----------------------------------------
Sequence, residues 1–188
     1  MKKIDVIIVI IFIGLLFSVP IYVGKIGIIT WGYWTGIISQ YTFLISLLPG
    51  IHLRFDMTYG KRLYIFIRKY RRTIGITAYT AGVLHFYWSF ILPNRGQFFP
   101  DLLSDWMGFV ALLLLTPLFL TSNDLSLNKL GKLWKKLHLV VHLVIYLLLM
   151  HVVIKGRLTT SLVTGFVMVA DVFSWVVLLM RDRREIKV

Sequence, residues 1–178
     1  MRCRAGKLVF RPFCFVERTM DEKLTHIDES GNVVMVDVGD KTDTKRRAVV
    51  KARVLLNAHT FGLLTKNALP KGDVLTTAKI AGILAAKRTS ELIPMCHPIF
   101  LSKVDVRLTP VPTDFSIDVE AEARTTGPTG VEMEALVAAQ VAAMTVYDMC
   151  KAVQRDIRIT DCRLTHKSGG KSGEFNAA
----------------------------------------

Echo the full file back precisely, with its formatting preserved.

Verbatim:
Sequence, residues 1–188
     1  MKKIDVIIVI IFIGLLFSVP IYVGKIGIIT WGYWTGIISQ YTFLISLLPG
    51  IHLRFDMTYG KRLYIFIRKY RRTIGITAYT AGVLHFYWSF ILPNRGQFFP
   101  DLLSDWMGFV ALLLLTPLFL TSNDLSLNKL GKLWKKLHLV VHLVIYLLLM
   151  HVVIKGRLTT SLVTGFVMVA DVFSWVVLLM RDRREIKV

Sequence, residues 1–178
     1  MRCRAGKLVF RPFCFVERTM DEKLTHIDES GNVVMVDVGD KTDTKRRAVV
    51  KARVLLNAHT FGLLTKNALP KGDVLTTAKI AGILAAKRTS ELIPMCHPIF
   101  LSKVDVRLTP VPTDFSIDVE AEARTTGPTG VEMEALVAAQ VAAMTVYDMC
   151  KAVQRDIRIT DCRLTHKSGG KSGEFNAA